The Holy Grail of children's games

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The Independent Online

For some time now, the letters page of this paper has conducted a correspondence under the rubric "Take No Notice", in which people offer misleading signs they have noticed. Somebody once cautioned me savagely that journalists are not supposed to write letters to their own newspapers, so I have been unable to write in and say that the best advice for life I ever saw was written simply and humbly on the side of a box of matches. It said: "Keep in a dry place and away from children". I have followed this advice most of my life, to great advantage, and when I have ignored it, I have usually suffered.

For some time now, the letters page of this paper has conducted a correspondence under the rubric "Take No Notice", in which people offer misleading signs they have noticed. Somebody once cautioned me savagely that journalists are not supposed to write letters to their own newspapers, so I have been unable to write in and say that the best advice for life I ever saw was written simply and humbly on the side of a box of matches. It said: "Keep in a dry place and away from children". I have followed this advice most of my life, to great advantage, and when I have ignored it, I have usually suffered.

But I have also, over the years, tended to jot down the wording of signs that have mystified or intrigued me. I saw one the other day in Old Compton Street, in Soho. It was chalked on a blackboard outside a wine shop, and it was declaring the great qualities of some champagne or other - very appley, lovely mousse, that sort of thing - and it added, underneath: "The favourite champagne of Zoe, the lesbian vet in Emmerdale!"

Have I got that right? I hope so. I have never seen Emmerdale Farm, so I can't be sure. What baffles me is why they think such a claim should sell any extra bottles. I grant that the lesbian vets of the country might make a beeline for it, but what is that in overall percentages?

Here's another one, from Chippenham Station. It was painted on a wall. The train was there for a long time. I had time to copy it down. "CHAINAGE DIFFERENT ON EACH WOOD TO USE BECAUSE OF RADIUS".

What does that mean? It might be an instruction to people lifting timber by crane to vary the chain attachment according to girth, but even so it is fairly contorted. There is something poetic about it. I don't mean lyrical. I mean poetic in the modern sense of meaningless and irritating.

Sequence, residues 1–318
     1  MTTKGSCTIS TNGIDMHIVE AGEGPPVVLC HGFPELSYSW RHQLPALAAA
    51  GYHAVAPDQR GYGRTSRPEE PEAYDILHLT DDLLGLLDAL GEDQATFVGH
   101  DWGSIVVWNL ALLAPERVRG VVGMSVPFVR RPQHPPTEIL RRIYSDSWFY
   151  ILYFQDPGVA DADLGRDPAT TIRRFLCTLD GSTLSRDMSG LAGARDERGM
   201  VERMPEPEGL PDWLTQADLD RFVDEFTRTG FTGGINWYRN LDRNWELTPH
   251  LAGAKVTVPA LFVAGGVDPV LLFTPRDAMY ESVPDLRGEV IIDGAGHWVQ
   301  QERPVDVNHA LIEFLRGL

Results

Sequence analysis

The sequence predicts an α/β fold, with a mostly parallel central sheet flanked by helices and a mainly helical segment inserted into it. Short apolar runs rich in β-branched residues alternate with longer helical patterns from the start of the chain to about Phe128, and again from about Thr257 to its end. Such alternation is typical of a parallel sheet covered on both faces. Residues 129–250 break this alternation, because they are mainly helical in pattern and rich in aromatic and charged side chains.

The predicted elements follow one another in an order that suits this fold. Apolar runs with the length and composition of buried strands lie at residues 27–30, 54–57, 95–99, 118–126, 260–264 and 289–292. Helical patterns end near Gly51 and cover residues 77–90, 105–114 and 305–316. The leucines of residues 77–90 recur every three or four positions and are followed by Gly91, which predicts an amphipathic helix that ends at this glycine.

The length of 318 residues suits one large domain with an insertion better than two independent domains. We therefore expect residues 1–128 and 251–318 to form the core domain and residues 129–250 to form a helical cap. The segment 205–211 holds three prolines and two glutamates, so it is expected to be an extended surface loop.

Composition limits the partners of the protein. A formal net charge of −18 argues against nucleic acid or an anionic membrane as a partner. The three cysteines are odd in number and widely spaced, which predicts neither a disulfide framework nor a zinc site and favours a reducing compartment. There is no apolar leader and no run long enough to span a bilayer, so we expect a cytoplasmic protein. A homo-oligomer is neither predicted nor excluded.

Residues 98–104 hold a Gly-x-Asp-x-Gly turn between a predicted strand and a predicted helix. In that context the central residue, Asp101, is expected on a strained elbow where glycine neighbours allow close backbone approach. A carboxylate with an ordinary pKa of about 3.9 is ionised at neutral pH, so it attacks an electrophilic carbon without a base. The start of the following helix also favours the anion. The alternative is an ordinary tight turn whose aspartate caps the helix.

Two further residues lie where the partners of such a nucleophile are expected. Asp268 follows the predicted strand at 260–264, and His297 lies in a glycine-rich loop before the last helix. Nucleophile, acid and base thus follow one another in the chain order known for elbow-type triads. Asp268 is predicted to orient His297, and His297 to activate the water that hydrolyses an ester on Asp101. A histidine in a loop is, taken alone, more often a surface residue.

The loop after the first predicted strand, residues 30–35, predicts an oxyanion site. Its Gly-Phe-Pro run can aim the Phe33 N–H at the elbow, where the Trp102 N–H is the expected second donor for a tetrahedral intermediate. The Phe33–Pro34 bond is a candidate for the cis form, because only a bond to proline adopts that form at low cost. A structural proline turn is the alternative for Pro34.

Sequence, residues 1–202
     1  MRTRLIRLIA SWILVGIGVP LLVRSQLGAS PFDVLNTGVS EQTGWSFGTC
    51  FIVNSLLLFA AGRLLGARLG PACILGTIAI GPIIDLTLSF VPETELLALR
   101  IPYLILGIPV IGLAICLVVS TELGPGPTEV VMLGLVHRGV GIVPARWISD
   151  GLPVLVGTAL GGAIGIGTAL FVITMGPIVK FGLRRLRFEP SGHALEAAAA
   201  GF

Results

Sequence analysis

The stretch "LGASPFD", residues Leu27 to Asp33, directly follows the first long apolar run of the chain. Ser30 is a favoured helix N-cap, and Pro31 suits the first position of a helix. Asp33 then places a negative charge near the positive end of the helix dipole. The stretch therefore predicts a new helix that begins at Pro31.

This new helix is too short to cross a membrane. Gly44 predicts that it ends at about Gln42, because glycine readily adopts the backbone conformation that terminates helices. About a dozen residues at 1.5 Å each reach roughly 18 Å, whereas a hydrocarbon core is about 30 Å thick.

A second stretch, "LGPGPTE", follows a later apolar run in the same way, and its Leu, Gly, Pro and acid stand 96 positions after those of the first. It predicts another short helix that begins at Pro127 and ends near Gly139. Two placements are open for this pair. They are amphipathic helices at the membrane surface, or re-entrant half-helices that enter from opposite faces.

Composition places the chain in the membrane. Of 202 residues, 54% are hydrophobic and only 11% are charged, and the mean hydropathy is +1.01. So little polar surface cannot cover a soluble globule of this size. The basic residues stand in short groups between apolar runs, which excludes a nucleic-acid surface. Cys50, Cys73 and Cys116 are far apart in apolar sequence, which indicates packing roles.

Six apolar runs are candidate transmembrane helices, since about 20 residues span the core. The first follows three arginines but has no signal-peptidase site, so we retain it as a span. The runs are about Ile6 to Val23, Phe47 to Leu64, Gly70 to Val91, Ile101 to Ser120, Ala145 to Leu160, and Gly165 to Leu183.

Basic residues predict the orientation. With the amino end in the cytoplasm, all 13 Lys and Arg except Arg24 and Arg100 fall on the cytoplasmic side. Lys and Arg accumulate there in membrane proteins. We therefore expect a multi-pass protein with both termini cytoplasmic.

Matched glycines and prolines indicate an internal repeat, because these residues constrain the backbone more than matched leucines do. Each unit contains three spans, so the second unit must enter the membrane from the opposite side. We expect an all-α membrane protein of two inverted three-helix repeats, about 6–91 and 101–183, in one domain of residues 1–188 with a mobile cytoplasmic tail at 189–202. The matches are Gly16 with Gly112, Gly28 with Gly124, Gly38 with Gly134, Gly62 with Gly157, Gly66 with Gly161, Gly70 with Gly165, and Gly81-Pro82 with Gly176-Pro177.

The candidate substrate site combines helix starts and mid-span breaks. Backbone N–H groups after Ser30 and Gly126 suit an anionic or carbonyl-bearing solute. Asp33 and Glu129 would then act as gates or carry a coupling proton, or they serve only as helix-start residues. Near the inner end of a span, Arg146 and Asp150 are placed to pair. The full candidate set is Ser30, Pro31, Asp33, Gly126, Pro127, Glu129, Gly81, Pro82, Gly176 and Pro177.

The best notice I ever spotted was, alas, not spotted by me but by my wife, in a railway station in South Africa. Here it is. Read it carefully.

"Any Person Who Fails to Comply With this Notice Shall Be Prosecuted And May Be Liable to a Fine".

There was nothing else. There may, once, have been a notice alongside it to which it referred, but there was no trace of it, and now it hung there just like that, in all its existential glory. She has a photo of it, if you doubt me.

And today's final exhibit is one I spotted a month ago, while on a bicycle ride around Georgetown, a small Canadian town near Toronto, where I was staying with in-laws:

"Kids Camp - The Hottest in Town! Luau party - crafts - snacks - songs - games + Bible Adventures! Georgetown Christian Church 905 873 9652"

This was a brave notice. Someone had been told to try to write a sign for a Sunday School outing and make it sound like a wild party, and they hadn't done a bad job. I didn't know till I looked it up that a luau party is some kind of Hawaiian shindig, which sounded commendably non-Christian. It was only in the last two words, "Bible Adventures", that they were forced to admit that it was going to be a bit religious. But, hey! The Bible is where to find adventures, right?

I'm not so sure. Although we have lots of adventure games drawn from history - pirates, cops and robbers, cowboys and Injuns - I don't think there is any drawn from the Bible. The Quest for the Holy Grail is the nearest I can think of, and I always thought that that sounded pretty dreary, especially as you never got to find it.

So how would you entertain children using the Bible as a source of adventures?

"OK, kids, you've got 10 minutes to break as many of the commandments as you can!"

"Now, who wants to be Daniel and who wants to be the lions?"

"In a moment we'll all get into a boat, but first I want you to find two of each kind of animal you can..."

"In this game, children, we have to take all our clothes off, and then we have to eat an apple..."

No, I still don't think I've got the hang of it.

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